C.S. Lewis on Science, Evolution, and Evolutionism


(system) #1
Lewis's writings encourage us to face the findings of science with courage and, just as importantly, recognize when a materialistic worldview is masquerading as science. As faithful Christians, we’ve simply got to do both.
This is a companion discussion topic for the original entry at https://biologos.org/blogs/kathryn-applegate-endless-forms-most-beautiful/cs-lewis-on-science-evolution-and-evolutionism

(Kathryn Applegate) #2

What’s your favorite Lewis quote or idea that has to do with science and/or the intersection of science and faith?


(Larry Bunce) #3

"The sciences long remained like a lion-cub whose gambols delighted its master in private; it had not yet tasted man’s blood. All through the eighteenth century… science was not the business of Man because Man had not yet become the business of science. It dealt chiefly with the inanimate; and it threw off few technological byproducts. When Watt makes his engine, Darwin starts monkeying with the ancestry of Man, and Freud with his soul, then indeed the lion will have got out of its cage.“
from *God in the Dock”

Lewis was not against science per se, but against the deification of science so common in the mid-20th century.

I like this quote, also from God in the Dock:
"Let’s pray that the human race never escapes from Earth to spread its iniquity elsewhere.”


(Mazrocon) #4

‘If the solar system was brought about by an accidental collision, then the appearance of organic life on this planet was also an accident, and the whole evolution of Man was an accident too. If so, then all our present thoughts are mere accidents—the accidental by-product of the movement of atoms. And this holds for the thoughts of the materialists and astronomers as well as for anyone else’s. But if their thoughts—i.e. of materialism and astronomy—are merely accidental by-products, why should we believe them to be true? I see no reason for believing that one accident should be able to give me a correct account of all the other accidents. It’s like expecting that the accidental shape taken by the splash when you upset a milk jug should give you a correct account of how the jug was made and why it was upset.’

C.S. Lewis (1898–1963), The Business of Heaven, Fount Paperbacks, U.K., p. 97, 1984.

The above quote is one of my favorites :slight_smile:

I am a bit confused on Lewis’ overall opinion on Evolution, however. I see some sources saying he supported it… and other sources says he mocked and ridiculed it. But it could be that he didn’t like the “Evolution Worldview” but wasn’t necessarily against Evolution if God was behind it. Tough call.

-Tim


(Mervin Bitikofer) #5

In the mouths of Eustace and the retired star, Ramandu; from “Voyage of the Dawn Treader”

“In our world,” said Eustace, “a star is a huge ball of flaming gas.”
Ramandu’s reply:
“Even in your world, my son, that is not what a star is but only what it is made of.


(Mazrocon) #6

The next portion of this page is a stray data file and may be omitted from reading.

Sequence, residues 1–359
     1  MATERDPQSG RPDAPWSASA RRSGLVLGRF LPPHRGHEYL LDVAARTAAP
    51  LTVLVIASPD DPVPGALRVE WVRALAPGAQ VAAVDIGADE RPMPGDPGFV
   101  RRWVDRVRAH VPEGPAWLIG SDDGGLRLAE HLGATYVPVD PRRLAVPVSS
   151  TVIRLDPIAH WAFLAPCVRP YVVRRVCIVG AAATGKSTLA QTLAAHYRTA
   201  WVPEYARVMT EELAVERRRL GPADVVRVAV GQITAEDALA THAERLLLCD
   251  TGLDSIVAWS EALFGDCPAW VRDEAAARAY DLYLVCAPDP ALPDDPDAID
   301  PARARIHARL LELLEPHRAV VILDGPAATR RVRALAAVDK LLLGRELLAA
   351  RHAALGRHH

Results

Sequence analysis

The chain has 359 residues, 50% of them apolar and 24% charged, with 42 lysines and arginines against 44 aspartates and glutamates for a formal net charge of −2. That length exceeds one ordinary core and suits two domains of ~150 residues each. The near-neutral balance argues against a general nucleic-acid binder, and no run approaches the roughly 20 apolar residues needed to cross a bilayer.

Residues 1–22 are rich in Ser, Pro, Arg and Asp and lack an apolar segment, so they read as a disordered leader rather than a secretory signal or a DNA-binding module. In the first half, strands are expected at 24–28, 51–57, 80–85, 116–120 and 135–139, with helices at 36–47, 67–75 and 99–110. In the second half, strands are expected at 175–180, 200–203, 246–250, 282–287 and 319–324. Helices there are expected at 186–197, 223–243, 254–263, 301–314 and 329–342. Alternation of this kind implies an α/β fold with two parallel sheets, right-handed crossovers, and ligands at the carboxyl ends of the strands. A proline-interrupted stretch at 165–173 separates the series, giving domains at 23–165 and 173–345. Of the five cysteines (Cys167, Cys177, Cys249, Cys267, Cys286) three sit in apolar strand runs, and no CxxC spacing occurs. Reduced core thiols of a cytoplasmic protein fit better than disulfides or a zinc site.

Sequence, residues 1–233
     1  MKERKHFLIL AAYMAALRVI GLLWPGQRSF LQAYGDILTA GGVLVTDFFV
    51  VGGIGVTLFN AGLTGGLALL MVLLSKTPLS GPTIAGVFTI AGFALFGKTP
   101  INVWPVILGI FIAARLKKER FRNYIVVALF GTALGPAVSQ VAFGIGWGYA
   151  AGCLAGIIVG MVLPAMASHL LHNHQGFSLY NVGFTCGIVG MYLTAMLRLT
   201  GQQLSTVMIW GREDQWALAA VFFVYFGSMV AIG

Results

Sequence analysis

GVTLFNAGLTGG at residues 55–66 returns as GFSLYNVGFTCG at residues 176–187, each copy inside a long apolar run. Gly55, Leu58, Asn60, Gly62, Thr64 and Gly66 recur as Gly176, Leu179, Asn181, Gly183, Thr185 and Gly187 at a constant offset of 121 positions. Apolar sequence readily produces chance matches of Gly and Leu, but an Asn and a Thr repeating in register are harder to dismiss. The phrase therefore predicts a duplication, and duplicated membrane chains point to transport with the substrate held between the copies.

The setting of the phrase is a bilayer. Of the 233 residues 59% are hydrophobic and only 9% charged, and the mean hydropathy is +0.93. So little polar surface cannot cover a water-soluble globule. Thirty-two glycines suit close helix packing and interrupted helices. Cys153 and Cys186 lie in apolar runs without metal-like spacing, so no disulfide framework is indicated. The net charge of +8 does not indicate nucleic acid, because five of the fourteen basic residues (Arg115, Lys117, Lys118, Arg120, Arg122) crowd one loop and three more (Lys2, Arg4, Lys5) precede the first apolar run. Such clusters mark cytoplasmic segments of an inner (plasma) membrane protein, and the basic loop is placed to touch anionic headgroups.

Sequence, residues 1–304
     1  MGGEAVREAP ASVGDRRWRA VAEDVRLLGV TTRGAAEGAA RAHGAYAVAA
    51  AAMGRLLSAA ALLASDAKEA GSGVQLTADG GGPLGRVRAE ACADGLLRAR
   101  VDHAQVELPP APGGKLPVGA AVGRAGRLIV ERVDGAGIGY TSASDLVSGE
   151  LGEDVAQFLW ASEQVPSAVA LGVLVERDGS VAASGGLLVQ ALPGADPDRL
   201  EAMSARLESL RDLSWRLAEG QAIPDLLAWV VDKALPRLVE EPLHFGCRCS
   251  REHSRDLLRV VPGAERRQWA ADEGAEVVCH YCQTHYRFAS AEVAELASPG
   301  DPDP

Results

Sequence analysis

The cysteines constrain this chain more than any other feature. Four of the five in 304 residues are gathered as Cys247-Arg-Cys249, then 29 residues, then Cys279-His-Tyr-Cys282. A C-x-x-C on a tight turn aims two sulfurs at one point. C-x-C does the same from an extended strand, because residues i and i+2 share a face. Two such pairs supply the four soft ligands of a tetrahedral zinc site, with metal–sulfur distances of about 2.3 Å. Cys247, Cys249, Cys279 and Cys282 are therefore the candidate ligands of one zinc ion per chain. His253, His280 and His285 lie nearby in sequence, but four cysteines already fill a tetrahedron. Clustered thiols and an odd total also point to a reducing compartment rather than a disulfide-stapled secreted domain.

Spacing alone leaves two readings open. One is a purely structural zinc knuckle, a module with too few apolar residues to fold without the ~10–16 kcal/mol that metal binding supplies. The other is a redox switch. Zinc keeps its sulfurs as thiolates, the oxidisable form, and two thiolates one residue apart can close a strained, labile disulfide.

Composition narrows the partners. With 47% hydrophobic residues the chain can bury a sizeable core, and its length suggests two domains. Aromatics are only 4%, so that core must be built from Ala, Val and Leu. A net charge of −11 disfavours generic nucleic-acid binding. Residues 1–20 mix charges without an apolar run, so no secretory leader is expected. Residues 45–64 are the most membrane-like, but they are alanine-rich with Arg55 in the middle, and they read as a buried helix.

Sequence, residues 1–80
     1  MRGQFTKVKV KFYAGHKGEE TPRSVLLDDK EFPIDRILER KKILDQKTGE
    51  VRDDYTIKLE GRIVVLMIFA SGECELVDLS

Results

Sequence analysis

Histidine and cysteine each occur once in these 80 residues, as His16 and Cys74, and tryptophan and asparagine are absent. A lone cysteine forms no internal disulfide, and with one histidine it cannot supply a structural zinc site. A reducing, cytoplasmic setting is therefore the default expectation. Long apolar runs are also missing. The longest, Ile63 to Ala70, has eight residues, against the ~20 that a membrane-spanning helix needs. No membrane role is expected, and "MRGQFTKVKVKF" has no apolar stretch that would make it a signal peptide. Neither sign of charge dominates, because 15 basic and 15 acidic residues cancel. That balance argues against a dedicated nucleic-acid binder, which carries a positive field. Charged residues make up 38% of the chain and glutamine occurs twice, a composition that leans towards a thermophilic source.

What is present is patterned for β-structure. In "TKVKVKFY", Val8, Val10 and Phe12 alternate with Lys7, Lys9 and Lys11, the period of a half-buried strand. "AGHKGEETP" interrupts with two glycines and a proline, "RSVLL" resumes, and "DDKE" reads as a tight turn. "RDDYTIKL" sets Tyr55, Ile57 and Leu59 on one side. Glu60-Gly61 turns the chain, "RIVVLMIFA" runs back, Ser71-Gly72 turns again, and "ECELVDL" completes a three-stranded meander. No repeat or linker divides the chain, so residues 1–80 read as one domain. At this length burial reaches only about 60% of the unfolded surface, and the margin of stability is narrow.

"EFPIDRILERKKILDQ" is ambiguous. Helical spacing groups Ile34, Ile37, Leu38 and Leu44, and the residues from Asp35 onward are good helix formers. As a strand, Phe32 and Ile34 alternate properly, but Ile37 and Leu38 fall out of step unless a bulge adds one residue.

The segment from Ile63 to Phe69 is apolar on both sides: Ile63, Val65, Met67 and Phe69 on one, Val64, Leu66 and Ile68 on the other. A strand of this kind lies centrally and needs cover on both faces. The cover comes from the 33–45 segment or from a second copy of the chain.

I like the scene in Voyage of the Dawn Treader where Eustace becomes a Dragon (the personification of what his personality was) and then being frightened by his own reflection begins to scratch at his scales, in hope to find his human form again. The Aslan comes along and with one fell swoop his scales comes off and the real Eustace appears. It reminds me of a similar situation where Adam covers himself with fig leaves in hopes of covering up his guilt and then God gives him a fur coat to replace it.

-Tim


(Nicholas Miller) #7

“Above all, do not attempt to use science (I mean, the real sciences) as a defence against Christianity. They will positively encourage him to think about realities he can’t touch and see.”
-Screwtape Letters


(Mervin Bitikofer) #8

I like that scene too, Tim. His fiction is packed with treasure!

@millern
Maybe it’s time for me to dust off Screw Tape letters for another read. I have forgotten little treasures like that. One doesn’t usually hear science invoked these days as a temptation or invitation to think beyond it. Thanks for that.


(Christy Hemphill) #9

“[Christianity] was never intended to replace or supercede the ordinary human arts and sciences; it is rather a director which will set them all to the right jobs, and a source of energy which will give them all new life, if only they will put themselves at its disposal.” –Mere Christianity

“This is how I distinguish dreaming and waking. When I am awake I can, in some degree, account for and study my dream. The dragon that pursued me last night can be fitted into my waking world. I know that there are such things as dreams; I know that I had eaten an indigestible dinner; I know that a man of my reading might be expected to dream of dragons. But while in the nightmare I could not have fitted in my waking experience. The waking world is judged more real because it can thus contain the dreaming world; the dreaming world is judged less real because it cannot contain the waking one. For the same reason I am certain that in passing from the scientific points of view to the theological, I have passed from dream to waking. Christian theology can fit in science, art, morality, and the sub-Christian religions. The scientific point of view cannot fit in any of these things, not even science itself. I believe in Christianity as I believe that the Sun has risen, not only because I see it, but because by it I see everything else.” - “Is Theology Poetry?” in The Weight of Glory


(system) #10

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